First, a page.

SELECTION OF DYEING PROCESS:
Even dyes that belong to the same class can have differing degrees of colorfastness to the same condition, so that the consumer has no real guarantee of color permanence unless a label specifies that a particular fabric is colorfast. Dye performance labeling is not required by any form of legislation or regulation. Some manufacturers do, however, include colorfastness information on labels. Such labels will generally describe the conditions under which the fabric is colorfast, such as “colorfast to laundering, but not to chlorine bleaching” or “colorfast to sunlight.” A few terms may be found on labels that carry an assurance of colorfastness, such as trademarks that have been applied to solution-dyed synthetic fibers. The colorfastness of one class of dyes, the vat dyes, is so consistently good for laundering that the term “vat dyed” on labels has come to be accepted as an assurance of good colorfastness.
Textile may be dyed at any stage of their development from fiber into fabric or certain garments by the following methods:
• Stock dyeing, in the fiber stage
• Top dyeing, in the combed wool sliver stage
• Yarn dyeing, after the fiber has been spun into yarn
• Fabric/ Piece dyeing, after the yarn has been constructed into fabric
• Solution pigmenting or dope dyeing before a manmade fiber is extruded through the spinneret
• Garment dyeing after certain kinds of apparel are knitted /Woven
Mass coloration is the addition of color to manufactured fibers before they are extruded. These fibers have been variously known as spun-dyed, solution-dyed or doped.:; ed. iib.,is extruded, it carries the coloring material as an integral part of the
fiber.This “locked-in” color is extremely fast to laundering (that is, it will not diminish); however, such colors can be sensitive to light and bleaching or may fade. The range of colors in which solution dyeing is done is rather limited for economic reasons.
The fiber manufacturer must produce substantial quantities of fiber to justify the expense of adding an extra step during the manufacturing process. Furthermore, fiber production takes place well in advance of the time when fabrics reach the market.
Fashion color trends may change fairly rapidly, so that, by the time a mass colored fabric reaches the market, the color may be out of fashion and not salable. For this reason, spun-dyed fabrics are generally produced in basic colors. Mass coloration is used on acetate to prevent gas fading. Gas fumes in the air may turn some blue or green dyes used for acetate to pink or brown.
When color is added at the fiber stage, this process is known as fiber dyeing or stock dyeing. It is a batch process in which loose (usually staple) fibers are immersed in a dyebath. dyeing takes place, and the fibers are dried. Exhaustion is quicker in fiber dyeing because the dye liquor has better access to fiber surfaces.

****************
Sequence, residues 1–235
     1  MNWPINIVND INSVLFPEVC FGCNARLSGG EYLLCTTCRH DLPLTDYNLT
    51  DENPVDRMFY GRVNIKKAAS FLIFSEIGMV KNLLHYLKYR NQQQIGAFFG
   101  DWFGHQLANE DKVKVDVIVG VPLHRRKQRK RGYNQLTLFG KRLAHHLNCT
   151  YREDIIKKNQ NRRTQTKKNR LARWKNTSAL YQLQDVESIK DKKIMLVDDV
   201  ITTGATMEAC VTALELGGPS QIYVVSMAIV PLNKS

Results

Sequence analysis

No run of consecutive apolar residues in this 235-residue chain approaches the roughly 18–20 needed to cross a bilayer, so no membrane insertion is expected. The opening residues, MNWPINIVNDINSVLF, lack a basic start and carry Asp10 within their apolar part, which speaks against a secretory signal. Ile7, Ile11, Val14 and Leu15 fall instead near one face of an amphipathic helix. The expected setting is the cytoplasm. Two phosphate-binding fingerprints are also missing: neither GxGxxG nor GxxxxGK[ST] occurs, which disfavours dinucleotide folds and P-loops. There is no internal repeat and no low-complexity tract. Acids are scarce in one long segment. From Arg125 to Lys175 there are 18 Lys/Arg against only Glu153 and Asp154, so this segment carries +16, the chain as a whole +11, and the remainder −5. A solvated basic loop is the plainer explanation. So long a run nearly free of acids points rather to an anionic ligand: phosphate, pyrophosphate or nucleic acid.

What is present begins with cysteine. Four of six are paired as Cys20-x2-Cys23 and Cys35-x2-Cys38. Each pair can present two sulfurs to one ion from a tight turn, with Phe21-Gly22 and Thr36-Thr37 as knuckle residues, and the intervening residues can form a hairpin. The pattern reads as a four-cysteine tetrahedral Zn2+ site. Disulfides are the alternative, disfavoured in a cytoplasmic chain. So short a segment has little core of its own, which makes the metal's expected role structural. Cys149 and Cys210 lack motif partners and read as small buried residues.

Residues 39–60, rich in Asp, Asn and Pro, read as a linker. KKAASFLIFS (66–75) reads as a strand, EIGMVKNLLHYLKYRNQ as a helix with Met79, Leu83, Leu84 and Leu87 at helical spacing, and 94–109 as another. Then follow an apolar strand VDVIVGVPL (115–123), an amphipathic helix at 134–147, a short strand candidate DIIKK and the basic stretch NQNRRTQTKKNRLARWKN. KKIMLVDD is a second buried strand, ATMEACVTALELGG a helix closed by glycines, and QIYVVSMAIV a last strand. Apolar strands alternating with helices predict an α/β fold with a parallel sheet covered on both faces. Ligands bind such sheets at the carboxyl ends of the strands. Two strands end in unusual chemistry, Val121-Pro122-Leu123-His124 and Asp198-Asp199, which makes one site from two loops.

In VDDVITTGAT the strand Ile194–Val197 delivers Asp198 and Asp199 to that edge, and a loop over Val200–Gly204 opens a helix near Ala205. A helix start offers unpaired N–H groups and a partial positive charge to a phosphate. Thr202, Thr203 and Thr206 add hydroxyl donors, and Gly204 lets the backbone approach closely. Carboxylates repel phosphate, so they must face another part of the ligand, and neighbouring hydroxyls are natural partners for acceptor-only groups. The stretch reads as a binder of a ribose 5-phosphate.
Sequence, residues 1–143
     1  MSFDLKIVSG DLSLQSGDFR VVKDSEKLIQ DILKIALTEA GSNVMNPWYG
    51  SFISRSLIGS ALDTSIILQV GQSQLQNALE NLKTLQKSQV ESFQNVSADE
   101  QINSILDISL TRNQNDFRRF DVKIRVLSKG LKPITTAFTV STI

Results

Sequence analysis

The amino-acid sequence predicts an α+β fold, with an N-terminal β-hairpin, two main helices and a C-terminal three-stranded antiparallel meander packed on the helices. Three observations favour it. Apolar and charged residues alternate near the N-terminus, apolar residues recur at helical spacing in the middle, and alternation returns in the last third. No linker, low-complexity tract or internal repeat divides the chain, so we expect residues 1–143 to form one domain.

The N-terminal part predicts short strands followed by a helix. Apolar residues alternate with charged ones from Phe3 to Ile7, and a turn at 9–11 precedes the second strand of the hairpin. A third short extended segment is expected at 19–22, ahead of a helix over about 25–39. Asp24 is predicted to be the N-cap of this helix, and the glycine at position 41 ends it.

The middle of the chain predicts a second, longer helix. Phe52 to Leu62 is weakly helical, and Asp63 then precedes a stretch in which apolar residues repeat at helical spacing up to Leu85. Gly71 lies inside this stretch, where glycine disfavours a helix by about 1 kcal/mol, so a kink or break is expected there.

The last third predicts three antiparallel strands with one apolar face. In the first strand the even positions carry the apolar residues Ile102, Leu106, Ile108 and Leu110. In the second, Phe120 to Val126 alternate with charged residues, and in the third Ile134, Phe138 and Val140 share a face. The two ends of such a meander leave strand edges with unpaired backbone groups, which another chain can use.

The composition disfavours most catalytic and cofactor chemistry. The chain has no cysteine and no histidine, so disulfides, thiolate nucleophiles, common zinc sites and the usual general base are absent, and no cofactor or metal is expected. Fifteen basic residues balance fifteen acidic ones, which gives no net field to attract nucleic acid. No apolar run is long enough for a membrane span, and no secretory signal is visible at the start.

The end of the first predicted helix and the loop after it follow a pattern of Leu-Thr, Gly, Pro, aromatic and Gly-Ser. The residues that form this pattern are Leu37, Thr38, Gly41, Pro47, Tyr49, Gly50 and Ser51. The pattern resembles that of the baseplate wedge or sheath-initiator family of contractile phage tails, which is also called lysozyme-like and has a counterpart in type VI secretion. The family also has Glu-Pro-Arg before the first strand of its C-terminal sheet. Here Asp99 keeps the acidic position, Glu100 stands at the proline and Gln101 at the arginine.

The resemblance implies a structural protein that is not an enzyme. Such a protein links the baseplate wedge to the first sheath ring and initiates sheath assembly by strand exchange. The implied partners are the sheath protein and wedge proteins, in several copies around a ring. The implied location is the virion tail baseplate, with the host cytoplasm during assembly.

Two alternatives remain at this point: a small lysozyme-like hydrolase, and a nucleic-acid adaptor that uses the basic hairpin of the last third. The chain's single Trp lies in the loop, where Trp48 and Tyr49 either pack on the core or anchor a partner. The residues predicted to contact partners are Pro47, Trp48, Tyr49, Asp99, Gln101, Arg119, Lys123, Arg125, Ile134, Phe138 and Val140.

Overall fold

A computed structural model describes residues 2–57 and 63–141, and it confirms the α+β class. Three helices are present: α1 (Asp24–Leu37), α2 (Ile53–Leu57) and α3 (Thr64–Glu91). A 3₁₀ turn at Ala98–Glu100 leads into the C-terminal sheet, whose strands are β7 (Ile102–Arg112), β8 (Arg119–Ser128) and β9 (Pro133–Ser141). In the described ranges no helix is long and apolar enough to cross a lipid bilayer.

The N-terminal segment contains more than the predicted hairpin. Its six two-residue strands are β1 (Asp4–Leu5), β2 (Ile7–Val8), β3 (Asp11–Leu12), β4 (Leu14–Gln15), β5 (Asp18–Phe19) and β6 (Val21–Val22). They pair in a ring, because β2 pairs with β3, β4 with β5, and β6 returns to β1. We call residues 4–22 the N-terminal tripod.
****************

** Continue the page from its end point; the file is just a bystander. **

Levelness may be a problem but its effect can be minimized by blending fibers later during yarn processing. Stock-dyed fibers are most often used in tweed or heather effect materials in which delicate shadings of color are produced by combining fibers of varying colors. The yarns in Harris Tweed fabrics are a distinctive example of fiber dyeing. Fiber-dyed fabrics can be identified by untwisting the yarns to see whether the yarn is made up of a variety of different colored fibers. In solid-colored yarns untwisted stock-dyed fibers will be uniform in color, with no darker or lighter areas. Stock dyeing refers to dyeing a staple fiber before it is spun.
There are two methods.
The first method, bale dyeing, applied mostly on wool and all types of manmade fibers, is that of splitting the bale covering on all six sides, placing the entire bale in a specially designed machine (the covering and straps need not be removed), and then forcing the dye liquor through the bale of fiber. In stock dyeing, which is the most effective and expensive method of dyeing, the color is well penetrated into the fibers and does not crock readily.
**yarn & fabric dyeing **
When dyeing is done after the fiber has been spun into yarn, it is described as yarn dyeing. Cloth made of dyed yarns is called yarn-dyed. Yarn-dyed fabrics are usually deeper and richer in color. Yarn-dyed fabrics intended for laundering must be quite colorfast, or bleeding could occur. The primary reason for dyeing in the yarn form is to create interesting checks, stripes, and plaids with different-colored yarns in the weaving process.
If color has not been added either to the polymer or the fiber, it can be applied to the yarns before they are made into fabrics. Yarns may be dyed in skeins, in packages, or on beams. Special dyeing equipment is required for each of these batch processes. In skein dyeing, large skeins of yarn are loosely wound on sticks and placed in a vat for dyeing. In package dyeing, the yarn is wound onto a number of perforated tubes or springs. The dye is circulated through the tubes to ensure that the yarns have maximum contact with the dye. Beam dyeing is a variation of package dyeing, which uses a larger cylinder onto which a set of warp yarns is wound.
Many types of fabrics utilize yarn of differing colors to achieve a particular design. Stripes in which contrasting sections of color alternate in the length or crosswise direction, chambrays in which one color is used in one direction and another color is used in the other direction, complex dobby or jacquard weaves, and plaids may all require yarns to which color has already been added.